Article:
Galloway and West Dumfries (Scottish Parliament constituency)
Galloway and West Dumfries is a constituency of the Scottish Parliament (Holyrood). It elects one Member of the Scottish Parliament (MSP) by the plurality (first past the post) method of election. Also, however, it is one of nine constituencies in the South Scotland electoral region, which elects seven additional members, in addition to nine constituency MSPs, to produce a form of proportional representation for the region as a whole.
|Galloway and West Dumfries|
for the Scottish Parliament
|Council area||Dumfries and Galloway|
Galloway and Upper Nithsdale
The other eight constituencies of the South Scotland region are Ayr, Carrick, Cumnock and Doon Valley, Clydesdale, Dumfriesshire, East Lothian, Ettrick, Roxburgh and Berwickshire, Kilmarnock and Irvine Valley and Midlothian South, Tweeddale and Lauderdale.
The region covers the Dumfries and Galloway council area, part of the East Ayrshire council area, part of the East Lothian council area, part of the Midlothian council area, the Scottish Borders council area, the South Ayrshire council area and part of the South Lanarkshire council area.
Constituency boundaries and council area
Galloway and West Dumfries is formed from the following electoral wards:
Constituency profile and voting patterns
The Galloway and West Dumfries constituency covers a large, diverse stretch of land between the Rhins of Galloway in the extreme south-west of Scotland and the River Nith and Cluden Water in eastern Dumfries and Galloway. It covers a set of rugged pastoral plains and forests across the region of Galloway, taking in rural towns such as Castle Douglas, Newton Stewart, Kirkcudbright and St John's Town of Dalry. To the west of the constituency is the portly town of Stranraer, situated at the base of Loch Ryan, whilst in the east the constituency takes in patches of Dumfries, administrative centre of the Dumfries and Galloway Council area.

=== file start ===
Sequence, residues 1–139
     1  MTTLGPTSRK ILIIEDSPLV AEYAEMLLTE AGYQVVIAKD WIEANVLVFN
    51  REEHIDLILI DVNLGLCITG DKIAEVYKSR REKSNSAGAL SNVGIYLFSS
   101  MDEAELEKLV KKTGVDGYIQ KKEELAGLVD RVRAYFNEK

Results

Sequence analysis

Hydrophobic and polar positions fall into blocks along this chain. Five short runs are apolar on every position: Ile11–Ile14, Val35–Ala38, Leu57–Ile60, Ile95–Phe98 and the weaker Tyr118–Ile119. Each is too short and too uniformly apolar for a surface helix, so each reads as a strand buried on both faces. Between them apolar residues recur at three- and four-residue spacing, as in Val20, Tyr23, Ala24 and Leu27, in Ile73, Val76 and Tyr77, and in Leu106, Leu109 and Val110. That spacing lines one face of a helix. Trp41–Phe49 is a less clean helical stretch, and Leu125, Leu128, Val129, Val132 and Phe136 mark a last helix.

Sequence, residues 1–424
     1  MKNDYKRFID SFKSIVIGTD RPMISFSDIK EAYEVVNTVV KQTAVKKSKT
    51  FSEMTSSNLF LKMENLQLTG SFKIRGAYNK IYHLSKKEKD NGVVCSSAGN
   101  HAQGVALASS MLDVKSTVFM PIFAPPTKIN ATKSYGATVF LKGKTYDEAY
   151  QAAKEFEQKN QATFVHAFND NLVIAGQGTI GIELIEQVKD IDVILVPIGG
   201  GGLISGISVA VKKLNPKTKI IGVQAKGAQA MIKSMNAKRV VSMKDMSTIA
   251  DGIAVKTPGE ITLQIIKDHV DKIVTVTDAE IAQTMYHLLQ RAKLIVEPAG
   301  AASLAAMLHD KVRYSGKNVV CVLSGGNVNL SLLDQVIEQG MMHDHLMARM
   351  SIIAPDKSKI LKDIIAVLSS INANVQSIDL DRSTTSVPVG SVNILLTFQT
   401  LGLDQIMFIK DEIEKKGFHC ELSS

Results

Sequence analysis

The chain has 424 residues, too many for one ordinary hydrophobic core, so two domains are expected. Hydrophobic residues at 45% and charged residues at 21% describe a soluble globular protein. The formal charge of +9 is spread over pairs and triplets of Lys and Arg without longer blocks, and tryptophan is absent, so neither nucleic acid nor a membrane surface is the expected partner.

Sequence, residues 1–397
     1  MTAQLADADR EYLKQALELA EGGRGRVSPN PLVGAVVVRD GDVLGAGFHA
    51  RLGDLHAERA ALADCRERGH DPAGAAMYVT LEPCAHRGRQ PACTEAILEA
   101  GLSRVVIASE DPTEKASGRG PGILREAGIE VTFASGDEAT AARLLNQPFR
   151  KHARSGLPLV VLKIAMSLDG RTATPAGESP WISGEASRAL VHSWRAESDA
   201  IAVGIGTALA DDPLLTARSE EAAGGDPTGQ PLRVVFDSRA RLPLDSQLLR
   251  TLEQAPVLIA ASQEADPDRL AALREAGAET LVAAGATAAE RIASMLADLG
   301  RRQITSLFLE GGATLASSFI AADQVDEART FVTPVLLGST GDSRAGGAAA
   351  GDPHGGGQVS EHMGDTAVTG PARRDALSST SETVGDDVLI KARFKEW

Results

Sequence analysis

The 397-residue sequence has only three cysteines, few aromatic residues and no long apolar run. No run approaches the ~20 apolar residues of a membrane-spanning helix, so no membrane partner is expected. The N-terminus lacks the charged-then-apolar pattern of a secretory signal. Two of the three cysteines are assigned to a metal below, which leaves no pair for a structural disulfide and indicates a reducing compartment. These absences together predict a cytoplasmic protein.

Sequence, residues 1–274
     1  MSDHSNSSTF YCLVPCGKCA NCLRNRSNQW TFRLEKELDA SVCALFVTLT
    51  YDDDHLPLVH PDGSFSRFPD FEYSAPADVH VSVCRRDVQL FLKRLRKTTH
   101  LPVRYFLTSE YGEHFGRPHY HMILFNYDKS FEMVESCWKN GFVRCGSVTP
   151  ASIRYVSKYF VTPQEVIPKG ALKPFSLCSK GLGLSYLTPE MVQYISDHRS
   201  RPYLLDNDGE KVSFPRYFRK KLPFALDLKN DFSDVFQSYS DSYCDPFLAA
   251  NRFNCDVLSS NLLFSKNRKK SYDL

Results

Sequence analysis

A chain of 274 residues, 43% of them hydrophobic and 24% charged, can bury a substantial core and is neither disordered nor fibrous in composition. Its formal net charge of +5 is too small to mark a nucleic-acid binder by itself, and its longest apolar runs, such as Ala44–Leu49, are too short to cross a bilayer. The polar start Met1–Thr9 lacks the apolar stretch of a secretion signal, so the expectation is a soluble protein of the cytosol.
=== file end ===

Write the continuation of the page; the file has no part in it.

Galloway and West Dumfries has a dynamic mix of political traditions. It covers most of the former Galloway and Upper Nithsdale constituency, a seat which has a long-standing tradition of being marginally contested between the Conservatives and the Scottish National Party, in addition to patches of the former safe Labour constituency of Dumfries. This is dynamic is clearly represented within local council politics with Wigtownshire typically voting SNP, Kirkcudbrightshire voting Conservative and Dumfries voting Labour.
At Westminster the Galloway and Upper Nithsdale constituency was represented by Conservative Ian Lang from its creation at the 1983 UK general election until 1997. It became the only Conservative constituency in the UK Parliament in Scotland in 2001. The Conservatives have represented the area in the Scottish Parliament since 2003.
Member of the Scottish Parliament
|1999||Alasdair Morgan||Scottish National Party|
|2003||Alex Fergusson||Scottish Conservative Party|
|2007||Presiding Officer (elected as a Conservative)|
As Galloway and West Dumfries
|2011||Alex Fergusson||Scottish Conservative Party|
|2016||Finlay Carson||Scottish Conservative Party|
|Liberal Democrats||Andrew Metcalf||947||2.8||+0.3|
|2011 Scottish Parliament election: Galloway and West Dumfries|
|Liberal Democrats||Joe Rosiejak||763||2.5||-2.3|
|2007 Scottish Parliament election: Galloway and Upper Nithsdale|
Blue background denotes the winner of the electorate vote.
|Liberal Democrats||Alastair Cooper||1,631||5.38||-0.90||1,672||5.49|
|Scottish Senior Citizens||513||1.68|
|Independent - Paddy Scott Hogg||97||0.32|
|Christian Peoples Alliance||69||0.23|
|Total Valid votes||30,318||30,472|
|2003 Scottish Parliament election: Galloway and Upper Nithsdale|
|Liberal Democrats||Neil Wallace||1,847||6.2||−3.9|
|Scottish Socialist||Joy Cherkaoui||709||2.4||+2.3|
|New Party||Graham Brockhouse||215||0.7||n/a|
|Conservative gain from SNP||Swing||4.6|
|1999 Scottish Parliament election: Galloway and Upper Nithsdale|
|Liberal Democrats||Joan Mitchell||3,562||10.1||n/a|
|SNP win (new seat)|
- Sub-constituency election results for the 2007 Scottish Parliament elections - data Archived 2010-12-06 at the Wayback Machine- Scotland Office; 30 April 2008 (retrieved 5 April 2011)